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One Dollar Relief from Judgment

Posted by James Juo | Jul 12, 2023 | 0 Comments

A Rule 50(a) motion for judgment as a matter of law may be made before a case is submitted to a jury. See Fed. R. Civ. P. 50(a)(2). If the court does not grant the motion, a “renewed motion for judgment as a matter of law” may be filed after entry of judgment. See Fed. R. Civ. P. 50(b)(2).

Also, under Rule 60(a) of the Federal Rules of Civil Procedure, a district court is authorized to “correct a clerical mistake or a mistake arising from oversight or omission whenever one is found in a judgment, order, or other part of the record.” See Fed. R. Civ. P. 60(a). A clerical mistake under this rule includes a statement that does not accurately reflect the findings made by the trier of fact, such as an error in identifying which defendants are “jointly and severally liable for [an award of damages].” See Rebis v. Universal Cad Consultants, Inc., 1999 WL 1000435, at *2 (N.D. Cal. Oct. 27, 1999).

Relief from Judgment

In Proofpoint, Inc. v. Vade Secure Inc., No. 3:19-cv-04238 (N.D. Cal. July 10, 2023), the plaintiffs alleged violations of the Defend Trade Secrets Act (“DTSA”) and the Copyright Act against Vade Secure, and a breach of contract claim against Olivier Lemarié only, claims for breach of contract arising from his alleged violations of provisions in an Employee Proprietary Information and Inventions Agreement (“PIIA”).

On August 20, 2021, the jury rendered a verdict in favor of Proofpoint on the DTSA and copyright claims, and that Lemarié breached the PIIA. As to a monetary award, the jury found that the plaintiffs were entitled to $13,975,659 as “the total dollar amount of compensatory damages.” Specifically, $0 for “Actual Loss”; $13,975,659 for “Unjust Enrichment”; and $480,000 for “Breach of Contract.”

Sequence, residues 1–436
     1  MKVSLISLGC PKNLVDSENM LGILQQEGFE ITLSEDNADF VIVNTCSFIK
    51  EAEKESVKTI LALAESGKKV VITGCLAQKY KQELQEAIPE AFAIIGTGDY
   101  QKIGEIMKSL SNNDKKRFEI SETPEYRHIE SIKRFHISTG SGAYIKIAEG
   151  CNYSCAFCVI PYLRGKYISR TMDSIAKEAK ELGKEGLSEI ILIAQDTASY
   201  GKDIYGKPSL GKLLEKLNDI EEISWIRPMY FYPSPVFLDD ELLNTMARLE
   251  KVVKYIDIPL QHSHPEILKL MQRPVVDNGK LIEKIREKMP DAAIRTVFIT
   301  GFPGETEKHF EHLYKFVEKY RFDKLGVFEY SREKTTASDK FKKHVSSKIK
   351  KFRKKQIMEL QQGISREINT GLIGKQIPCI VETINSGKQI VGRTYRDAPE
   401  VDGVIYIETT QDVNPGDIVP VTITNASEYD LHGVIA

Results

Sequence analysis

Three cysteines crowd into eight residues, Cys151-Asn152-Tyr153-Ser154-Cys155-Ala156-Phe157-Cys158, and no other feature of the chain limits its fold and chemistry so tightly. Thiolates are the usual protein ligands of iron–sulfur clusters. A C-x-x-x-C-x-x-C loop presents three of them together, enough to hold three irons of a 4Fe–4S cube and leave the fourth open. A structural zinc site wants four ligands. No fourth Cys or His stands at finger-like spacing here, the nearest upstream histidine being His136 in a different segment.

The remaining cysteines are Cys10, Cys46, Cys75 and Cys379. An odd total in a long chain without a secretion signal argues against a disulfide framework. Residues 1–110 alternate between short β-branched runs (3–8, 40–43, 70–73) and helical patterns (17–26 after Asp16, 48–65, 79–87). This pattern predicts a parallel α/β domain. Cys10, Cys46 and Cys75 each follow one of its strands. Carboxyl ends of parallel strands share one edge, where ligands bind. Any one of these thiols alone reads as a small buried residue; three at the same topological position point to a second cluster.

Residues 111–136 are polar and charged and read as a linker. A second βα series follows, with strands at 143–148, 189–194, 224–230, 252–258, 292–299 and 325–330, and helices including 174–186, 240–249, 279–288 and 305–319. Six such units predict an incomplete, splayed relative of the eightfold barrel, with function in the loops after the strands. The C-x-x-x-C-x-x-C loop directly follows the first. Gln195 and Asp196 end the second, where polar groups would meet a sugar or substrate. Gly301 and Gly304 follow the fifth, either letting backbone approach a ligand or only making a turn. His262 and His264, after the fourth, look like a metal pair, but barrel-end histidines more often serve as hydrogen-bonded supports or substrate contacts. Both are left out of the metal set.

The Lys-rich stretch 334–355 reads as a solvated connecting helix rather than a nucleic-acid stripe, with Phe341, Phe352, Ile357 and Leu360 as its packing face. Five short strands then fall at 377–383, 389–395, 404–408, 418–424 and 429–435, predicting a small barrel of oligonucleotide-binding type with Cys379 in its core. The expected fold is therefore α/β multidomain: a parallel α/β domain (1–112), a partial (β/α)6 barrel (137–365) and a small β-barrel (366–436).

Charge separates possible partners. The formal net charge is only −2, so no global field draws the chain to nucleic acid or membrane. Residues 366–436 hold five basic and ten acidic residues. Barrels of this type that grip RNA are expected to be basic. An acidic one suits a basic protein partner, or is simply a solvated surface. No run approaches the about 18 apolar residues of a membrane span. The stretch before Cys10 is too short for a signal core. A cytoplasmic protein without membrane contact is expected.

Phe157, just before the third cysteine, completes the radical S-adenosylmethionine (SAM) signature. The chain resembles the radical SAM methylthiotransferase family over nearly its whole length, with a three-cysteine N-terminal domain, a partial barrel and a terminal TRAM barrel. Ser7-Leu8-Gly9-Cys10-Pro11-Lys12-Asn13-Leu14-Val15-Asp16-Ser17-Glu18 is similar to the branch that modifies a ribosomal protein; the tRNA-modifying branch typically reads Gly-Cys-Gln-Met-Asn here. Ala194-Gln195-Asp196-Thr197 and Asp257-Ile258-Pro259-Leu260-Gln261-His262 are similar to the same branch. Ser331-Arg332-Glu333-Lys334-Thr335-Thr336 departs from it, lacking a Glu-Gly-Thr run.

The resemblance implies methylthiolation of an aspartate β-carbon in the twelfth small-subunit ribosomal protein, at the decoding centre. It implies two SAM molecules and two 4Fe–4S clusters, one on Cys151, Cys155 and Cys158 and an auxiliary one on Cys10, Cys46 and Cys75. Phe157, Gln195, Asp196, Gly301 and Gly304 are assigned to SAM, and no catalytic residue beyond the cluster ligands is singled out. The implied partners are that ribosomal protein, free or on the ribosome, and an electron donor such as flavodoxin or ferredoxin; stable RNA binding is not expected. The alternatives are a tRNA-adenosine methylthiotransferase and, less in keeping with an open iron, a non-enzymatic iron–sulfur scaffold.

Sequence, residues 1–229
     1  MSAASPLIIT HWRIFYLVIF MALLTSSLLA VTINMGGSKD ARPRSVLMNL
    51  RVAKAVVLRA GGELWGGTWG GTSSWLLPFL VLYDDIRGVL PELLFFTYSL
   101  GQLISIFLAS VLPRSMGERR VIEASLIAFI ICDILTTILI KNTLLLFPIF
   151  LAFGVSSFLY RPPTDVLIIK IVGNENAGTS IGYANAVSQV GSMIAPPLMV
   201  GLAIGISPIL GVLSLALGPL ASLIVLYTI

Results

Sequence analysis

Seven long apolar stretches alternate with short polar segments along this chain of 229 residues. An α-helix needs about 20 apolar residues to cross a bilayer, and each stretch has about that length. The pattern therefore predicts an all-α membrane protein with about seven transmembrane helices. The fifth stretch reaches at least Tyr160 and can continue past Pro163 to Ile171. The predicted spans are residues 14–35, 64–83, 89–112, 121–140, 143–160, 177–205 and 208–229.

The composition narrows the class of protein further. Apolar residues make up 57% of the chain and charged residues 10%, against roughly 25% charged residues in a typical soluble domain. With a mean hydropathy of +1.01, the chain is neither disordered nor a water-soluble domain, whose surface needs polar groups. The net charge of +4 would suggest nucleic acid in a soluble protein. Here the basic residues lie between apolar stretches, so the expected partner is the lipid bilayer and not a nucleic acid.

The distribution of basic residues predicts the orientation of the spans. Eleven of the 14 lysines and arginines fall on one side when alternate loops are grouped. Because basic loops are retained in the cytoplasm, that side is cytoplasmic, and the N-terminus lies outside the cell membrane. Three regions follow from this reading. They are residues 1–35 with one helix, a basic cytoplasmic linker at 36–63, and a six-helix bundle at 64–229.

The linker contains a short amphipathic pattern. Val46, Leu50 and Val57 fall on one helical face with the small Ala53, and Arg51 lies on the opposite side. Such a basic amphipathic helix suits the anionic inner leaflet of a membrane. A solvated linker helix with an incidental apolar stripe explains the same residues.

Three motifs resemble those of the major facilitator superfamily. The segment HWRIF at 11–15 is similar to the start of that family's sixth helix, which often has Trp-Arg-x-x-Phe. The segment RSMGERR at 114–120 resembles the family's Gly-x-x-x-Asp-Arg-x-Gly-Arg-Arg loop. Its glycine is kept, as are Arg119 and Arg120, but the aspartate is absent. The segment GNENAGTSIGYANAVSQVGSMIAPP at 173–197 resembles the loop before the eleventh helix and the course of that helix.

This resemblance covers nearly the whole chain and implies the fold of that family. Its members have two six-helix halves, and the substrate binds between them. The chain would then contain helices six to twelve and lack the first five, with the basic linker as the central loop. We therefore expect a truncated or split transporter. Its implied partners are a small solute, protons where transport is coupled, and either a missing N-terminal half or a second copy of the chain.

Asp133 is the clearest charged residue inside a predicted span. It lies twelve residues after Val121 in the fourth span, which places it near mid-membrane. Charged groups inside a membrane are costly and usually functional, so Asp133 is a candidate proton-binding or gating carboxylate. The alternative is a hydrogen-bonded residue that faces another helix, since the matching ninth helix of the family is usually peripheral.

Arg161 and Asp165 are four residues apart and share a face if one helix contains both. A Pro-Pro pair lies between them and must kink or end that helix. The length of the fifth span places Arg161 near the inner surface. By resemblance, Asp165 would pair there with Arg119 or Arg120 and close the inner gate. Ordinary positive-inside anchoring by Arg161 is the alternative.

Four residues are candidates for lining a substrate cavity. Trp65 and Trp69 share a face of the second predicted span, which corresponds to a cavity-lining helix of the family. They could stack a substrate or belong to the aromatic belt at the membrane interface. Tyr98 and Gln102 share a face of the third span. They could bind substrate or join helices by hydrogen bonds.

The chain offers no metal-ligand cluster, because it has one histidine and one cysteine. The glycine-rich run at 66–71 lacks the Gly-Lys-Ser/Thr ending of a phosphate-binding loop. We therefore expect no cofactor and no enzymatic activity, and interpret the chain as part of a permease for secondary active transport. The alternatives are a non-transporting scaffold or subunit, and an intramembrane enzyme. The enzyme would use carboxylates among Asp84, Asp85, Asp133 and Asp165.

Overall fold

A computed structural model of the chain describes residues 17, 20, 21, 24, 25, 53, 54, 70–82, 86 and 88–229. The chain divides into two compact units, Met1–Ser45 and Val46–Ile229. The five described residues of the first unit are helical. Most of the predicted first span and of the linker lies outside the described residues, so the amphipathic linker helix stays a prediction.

Lemarié filed a post-judgment motion contending that the judgment contained a clerical error in stating that “all defendants” are “jointly and severally” liable for the “unjust enrichment” award of $13,495,659; and that plaintiffs failed to offer evidence to support their claim that they are entitled to recover $480,000 from Lemarié as a remedy for “breach of contract.” The $480,000 award corresponds to two years of Lemarié's annual salary of $240,000.

Clerical Error

As to the alleged clerical error, Lemarié argued that the “unjust enrichment” was based on Vade Secure's sales of infringing products, and not on any amount realized by Lemarié. Consequently, the sum of $13,495,659 being awarded “jointly and severally against all defendants” constitutes a clerical mistake subject to correction under Rule 60(a).

          “The phrase ‘unjust enrichment' is used in law to characterize the result or effect of a failure to make restitution of or for property or benefits received under such circumstances as to give rise to a legal or equitable obligation to account therefor,” and, consequently, an unjust enrichment award that “does not represent property or benefits received by [a defendant]” is improper. See Ajaxo Inc. v. E*Trade Financial Corp., 187 Cal. App. 4th 1295, 1305 (2010); see also Restatement (Third) of Restitution and Unjust Enrichment § 42, cmt. a. (2011) (noting “[t]here is no unjust enrichment . . . unless the defendant has obtained a benefit in violation of the claimant's right to exclude others from the interest in question”); Acculmage Diagnostics Corp. v. Terarecon, Inc., 260 F. Supp. 2d 941, 958 (N.D. Cal. 2003) (dismissing claim for unjust enrichment where “plaintiff fail[ed] to allege any specific facts regarding the amount of benefit that [the defendant] received or any detail of the circumstances surrounding [defendant's] actual receipt of the benefit”).